This study, executed by medical schools in Boston, USA, explored whether magnesium intake is associated with a lower risk of diabetes type 2, especially in the context of a diet low in cereal fiber and high in low-quality carbohydrates, which provide quick energy but are mainly devoid of nutrients. Dietary magnesium intake was assessed by food questionnaires every 4 years. Questionnaires also determined the incidence of type 2 diabetes. Type 2 diabetes incidence was documented over 28 years of follow-up. Analyses showed that participants with the highest magnesium intake had a 15% lower risk of developing type 2 diabetes compared with those with the most insufficient magnesium intake. Additionally, higher magnesium intake was more strongly associated with a lower risk of type 2 diabetes among participants consuming carbohydrates of low quality. In conclusion, higher magnesium intake is associated with a lower risk of type 2 diabetes, especially in those consuming carbohydrates of lower quality. More details can be found in the study.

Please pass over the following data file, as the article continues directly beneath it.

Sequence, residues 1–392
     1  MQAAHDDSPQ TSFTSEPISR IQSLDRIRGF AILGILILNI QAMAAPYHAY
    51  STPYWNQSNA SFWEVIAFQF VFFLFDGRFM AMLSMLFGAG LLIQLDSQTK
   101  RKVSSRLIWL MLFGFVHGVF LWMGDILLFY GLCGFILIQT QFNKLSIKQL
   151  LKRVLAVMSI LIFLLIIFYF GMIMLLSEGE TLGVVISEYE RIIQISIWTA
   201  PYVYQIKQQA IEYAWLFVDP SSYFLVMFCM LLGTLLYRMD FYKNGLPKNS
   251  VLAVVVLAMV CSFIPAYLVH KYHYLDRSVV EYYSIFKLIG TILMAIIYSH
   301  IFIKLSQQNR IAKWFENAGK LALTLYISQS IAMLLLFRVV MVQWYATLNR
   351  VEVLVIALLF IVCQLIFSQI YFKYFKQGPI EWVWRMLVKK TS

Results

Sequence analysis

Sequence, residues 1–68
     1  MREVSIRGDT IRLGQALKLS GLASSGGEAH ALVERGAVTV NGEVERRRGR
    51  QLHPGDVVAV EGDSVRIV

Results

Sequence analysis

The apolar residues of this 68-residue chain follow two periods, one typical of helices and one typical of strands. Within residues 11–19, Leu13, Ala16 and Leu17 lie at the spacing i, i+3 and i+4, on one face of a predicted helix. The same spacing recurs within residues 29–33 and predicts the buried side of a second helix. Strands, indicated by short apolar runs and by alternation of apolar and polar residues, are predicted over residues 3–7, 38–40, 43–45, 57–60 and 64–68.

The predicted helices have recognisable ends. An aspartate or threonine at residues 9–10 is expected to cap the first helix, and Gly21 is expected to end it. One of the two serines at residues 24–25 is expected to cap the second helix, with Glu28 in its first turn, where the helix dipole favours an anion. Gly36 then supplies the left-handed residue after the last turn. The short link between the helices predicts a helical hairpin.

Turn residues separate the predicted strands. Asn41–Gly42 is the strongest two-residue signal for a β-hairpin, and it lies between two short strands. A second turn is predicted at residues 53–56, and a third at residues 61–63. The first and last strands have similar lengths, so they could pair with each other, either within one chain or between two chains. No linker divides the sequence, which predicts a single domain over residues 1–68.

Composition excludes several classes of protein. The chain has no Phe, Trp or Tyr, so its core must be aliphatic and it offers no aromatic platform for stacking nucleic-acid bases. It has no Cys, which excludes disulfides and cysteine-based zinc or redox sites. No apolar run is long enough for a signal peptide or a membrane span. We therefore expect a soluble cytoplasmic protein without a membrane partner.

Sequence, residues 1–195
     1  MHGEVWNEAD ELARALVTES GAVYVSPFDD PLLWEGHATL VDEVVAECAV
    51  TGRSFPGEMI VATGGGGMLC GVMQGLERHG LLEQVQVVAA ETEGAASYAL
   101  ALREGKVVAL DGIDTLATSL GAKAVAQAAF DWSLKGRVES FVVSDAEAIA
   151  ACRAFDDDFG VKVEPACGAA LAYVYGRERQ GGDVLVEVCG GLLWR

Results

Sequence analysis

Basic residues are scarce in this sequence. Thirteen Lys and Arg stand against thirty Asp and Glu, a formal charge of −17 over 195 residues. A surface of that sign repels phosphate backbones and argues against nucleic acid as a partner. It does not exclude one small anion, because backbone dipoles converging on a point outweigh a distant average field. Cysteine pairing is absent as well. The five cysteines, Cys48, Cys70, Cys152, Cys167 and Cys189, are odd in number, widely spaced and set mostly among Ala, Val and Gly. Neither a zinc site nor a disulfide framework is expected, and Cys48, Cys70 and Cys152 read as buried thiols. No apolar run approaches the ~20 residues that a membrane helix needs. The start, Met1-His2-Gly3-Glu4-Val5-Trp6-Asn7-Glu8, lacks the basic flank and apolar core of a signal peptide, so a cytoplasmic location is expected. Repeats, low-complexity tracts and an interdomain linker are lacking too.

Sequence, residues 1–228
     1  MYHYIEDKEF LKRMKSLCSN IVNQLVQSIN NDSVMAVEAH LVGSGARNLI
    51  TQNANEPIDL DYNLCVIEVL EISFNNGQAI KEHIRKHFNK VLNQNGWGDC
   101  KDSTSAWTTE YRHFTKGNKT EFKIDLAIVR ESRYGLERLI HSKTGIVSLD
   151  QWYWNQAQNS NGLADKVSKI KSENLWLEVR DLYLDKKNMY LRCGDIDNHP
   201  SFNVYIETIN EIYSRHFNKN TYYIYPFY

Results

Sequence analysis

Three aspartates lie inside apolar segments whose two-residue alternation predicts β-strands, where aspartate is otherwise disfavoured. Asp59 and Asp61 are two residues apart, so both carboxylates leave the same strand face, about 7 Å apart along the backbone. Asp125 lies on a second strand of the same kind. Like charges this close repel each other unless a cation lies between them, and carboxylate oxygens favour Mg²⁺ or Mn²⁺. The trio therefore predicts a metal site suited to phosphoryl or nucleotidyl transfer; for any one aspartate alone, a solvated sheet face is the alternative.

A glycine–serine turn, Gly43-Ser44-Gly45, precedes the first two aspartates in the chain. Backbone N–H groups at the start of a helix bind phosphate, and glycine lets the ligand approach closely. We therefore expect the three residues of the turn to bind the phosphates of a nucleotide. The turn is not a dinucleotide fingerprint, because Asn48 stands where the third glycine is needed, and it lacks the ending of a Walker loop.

Hruby et al.